Sustainability Cheat Sheet

Sustainable, Environmentally-friendly, fair trade…all this new terminology is enough to make you dizzy! Why you’re hearing these buzzwords so often lately is because people are  getting smarter and choosing products that are better for our health and the survival of our planet. We understand that most of us don’t really understand what these words really mean and how they have anything to do with us.

Look no more, North is coming to you with an all-inclusive cheat sheet to help you make better choices for you, your family and our beautiful planet.

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Sustainability simply means that we allow for continued life on our planet for generations to come.  So how do we break that down into something less vague? It means we consume, produce, and develop at a rate and in a way that allows for future generations to survive on our planet.  That doesn’t sound like an unworthy cause, right?

After all, isn’t our goal in life to leave the world in even a slightly better position than when we entered it? Don’t let that life goal overwhelm you.  It can simply mean ensuring that everyone you love knows undoubtedly every day that you do love them. “That you choose kindness whenever possible…and it is always possible,” says the Dalai Lama. The we put the health, safety, and compassion for our neighbor before any selfish needs (not essential needs).  That means in producing and consuming.

So what does that look like in a more consumerism sense?

Choose to support those brands that are fighting the good fight to sustain a healthy world for the future.  Yes, the products may cost a little more, but shouldn’t we stop and wonder how a pair of jeans can cost $20 in the first place? Who made the fabric? What is that fabric made of? What was used to dye it?  In order to keep the cost down on a garment, producers will often opt for less expensive highly toxic dyes. Yikes!

Not only is that no good for your skin, but imagine what it does for the environment. How? For instance, in order to dye large amounts of garments, manufacturing plants must fill gigantic vats of water full of chemical dyes and bring them to an extremely high temperature. Once those garments are dyed, that vat is then dumped into surrounding land and waterways.  There is actually a river in China that shows a vibrant example of what next season’s hot color trend will be.  Terrifying.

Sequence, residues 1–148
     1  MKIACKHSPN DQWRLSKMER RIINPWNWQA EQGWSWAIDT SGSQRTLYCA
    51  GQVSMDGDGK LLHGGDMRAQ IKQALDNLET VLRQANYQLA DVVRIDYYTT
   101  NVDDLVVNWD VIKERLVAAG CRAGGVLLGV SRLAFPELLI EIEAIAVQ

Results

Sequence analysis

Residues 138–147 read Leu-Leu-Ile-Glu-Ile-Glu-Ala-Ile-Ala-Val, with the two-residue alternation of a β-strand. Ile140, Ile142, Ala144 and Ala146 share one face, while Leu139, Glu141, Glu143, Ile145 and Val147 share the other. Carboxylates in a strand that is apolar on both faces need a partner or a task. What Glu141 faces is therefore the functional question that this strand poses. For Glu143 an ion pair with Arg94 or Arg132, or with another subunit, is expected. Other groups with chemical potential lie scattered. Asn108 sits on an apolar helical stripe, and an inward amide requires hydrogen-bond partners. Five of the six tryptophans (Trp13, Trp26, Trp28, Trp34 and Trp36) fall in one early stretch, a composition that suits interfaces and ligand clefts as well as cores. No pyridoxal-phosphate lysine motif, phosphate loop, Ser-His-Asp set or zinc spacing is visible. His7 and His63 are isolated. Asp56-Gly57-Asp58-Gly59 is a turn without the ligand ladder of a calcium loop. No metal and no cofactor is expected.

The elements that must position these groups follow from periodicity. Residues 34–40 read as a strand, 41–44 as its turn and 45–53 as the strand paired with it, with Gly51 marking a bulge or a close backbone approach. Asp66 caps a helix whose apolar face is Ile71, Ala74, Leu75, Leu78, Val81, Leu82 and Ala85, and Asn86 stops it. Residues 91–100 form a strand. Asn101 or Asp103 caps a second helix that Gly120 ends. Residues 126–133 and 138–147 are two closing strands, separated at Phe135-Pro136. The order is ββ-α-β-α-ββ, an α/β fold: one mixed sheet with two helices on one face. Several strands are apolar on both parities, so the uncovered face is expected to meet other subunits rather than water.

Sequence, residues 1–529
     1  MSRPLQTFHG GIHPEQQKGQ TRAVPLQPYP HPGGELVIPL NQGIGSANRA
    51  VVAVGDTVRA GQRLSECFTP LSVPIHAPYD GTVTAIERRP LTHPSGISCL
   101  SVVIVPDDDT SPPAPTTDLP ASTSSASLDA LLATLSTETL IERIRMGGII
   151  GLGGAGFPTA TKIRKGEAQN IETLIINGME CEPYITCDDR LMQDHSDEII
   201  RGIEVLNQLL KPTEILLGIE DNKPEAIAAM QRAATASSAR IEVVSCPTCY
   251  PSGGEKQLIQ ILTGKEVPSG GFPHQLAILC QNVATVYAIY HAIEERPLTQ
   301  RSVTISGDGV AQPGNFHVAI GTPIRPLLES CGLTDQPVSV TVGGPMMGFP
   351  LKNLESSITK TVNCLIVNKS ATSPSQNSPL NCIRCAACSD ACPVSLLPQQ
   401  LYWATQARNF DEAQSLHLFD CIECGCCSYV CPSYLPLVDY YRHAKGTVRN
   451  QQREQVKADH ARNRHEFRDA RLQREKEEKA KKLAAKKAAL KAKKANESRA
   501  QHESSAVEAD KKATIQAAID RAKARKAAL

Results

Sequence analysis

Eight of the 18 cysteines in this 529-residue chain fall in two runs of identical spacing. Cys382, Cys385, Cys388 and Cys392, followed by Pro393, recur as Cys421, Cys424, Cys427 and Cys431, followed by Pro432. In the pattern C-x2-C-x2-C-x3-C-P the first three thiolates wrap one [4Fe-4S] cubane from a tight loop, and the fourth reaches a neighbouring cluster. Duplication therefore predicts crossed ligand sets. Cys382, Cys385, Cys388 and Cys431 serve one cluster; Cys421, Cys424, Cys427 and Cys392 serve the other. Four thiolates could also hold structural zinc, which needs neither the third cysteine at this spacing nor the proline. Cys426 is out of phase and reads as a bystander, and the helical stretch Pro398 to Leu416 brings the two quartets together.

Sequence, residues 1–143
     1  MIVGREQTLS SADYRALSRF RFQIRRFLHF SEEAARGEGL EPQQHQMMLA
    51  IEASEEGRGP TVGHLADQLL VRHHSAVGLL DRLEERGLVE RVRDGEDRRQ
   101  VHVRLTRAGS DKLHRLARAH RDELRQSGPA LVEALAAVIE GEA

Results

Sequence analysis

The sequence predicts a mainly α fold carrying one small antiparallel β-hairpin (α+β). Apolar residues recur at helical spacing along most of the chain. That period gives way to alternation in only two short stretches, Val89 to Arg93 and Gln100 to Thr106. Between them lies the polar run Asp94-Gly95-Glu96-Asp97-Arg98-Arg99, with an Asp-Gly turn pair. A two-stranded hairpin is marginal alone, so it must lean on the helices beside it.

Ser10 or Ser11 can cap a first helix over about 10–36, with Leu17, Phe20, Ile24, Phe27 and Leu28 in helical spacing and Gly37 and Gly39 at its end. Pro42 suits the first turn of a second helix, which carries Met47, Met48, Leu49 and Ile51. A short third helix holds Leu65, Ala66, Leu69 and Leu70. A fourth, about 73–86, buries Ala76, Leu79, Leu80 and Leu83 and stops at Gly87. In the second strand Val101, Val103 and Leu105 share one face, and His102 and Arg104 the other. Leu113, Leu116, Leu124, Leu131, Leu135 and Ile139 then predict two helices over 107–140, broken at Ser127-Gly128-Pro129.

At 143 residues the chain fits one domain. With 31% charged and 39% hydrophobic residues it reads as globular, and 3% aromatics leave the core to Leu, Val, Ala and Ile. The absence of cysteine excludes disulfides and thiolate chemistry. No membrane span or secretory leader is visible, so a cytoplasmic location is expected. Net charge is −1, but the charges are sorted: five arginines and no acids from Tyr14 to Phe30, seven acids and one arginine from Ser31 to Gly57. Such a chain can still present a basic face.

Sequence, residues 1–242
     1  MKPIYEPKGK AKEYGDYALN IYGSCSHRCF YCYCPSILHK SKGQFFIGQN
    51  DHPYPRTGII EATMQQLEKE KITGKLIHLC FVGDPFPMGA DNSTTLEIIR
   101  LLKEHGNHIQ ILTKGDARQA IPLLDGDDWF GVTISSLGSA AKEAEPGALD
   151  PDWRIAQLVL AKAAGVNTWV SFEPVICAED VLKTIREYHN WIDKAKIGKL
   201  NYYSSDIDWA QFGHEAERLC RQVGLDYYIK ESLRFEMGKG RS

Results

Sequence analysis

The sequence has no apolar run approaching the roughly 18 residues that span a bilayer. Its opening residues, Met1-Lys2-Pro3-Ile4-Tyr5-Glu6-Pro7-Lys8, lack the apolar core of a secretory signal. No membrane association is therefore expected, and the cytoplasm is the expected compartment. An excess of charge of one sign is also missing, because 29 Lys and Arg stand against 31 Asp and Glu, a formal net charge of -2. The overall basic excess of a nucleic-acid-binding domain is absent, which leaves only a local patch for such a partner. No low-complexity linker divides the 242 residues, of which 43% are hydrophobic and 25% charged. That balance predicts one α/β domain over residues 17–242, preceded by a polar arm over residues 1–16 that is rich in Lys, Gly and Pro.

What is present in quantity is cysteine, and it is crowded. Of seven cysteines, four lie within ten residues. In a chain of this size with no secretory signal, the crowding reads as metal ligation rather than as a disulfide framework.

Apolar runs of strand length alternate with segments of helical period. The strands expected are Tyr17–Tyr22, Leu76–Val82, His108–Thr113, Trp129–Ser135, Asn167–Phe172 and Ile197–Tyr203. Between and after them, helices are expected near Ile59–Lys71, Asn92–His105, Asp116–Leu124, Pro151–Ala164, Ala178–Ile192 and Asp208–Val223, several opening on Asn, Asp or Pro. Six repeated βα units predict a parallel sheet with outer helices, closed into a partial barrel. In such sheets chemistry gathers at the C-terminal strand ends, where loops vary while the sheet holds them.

Make conscious choices when buying your fashion, accessories and beauty products.  Not only does this decision affect the health of the planet…but it affects our and our family’s personal health.  Choose brands that use natural dyes rather than chemical.  Choose real, long lasting fabrics like wool or linen or sustainably produced fabrics like tencel, rather than synthetic fabrics like polyester and rayon that flake microplastics into our oceans every time you wash them.

charcoal linen scarf, eco friendly fashion, unisex scarf, accessories for women
Variously Charcoal Linen Scarf

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Aisha Kimono

Choose beauty products that use natural and/or organic ingredients.

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Routine Inc Sexy Sadie Natural Deodorant

See our article on the “Top Ten Toxins To Look For In Your Beauty Routine.” Keep reading for our break down on “What is Eco-friendly?” and sign up for our newsletter at  Next week we will be launching a downloadable cheat sheet on what fabrics are sustainable for your next shopping trip!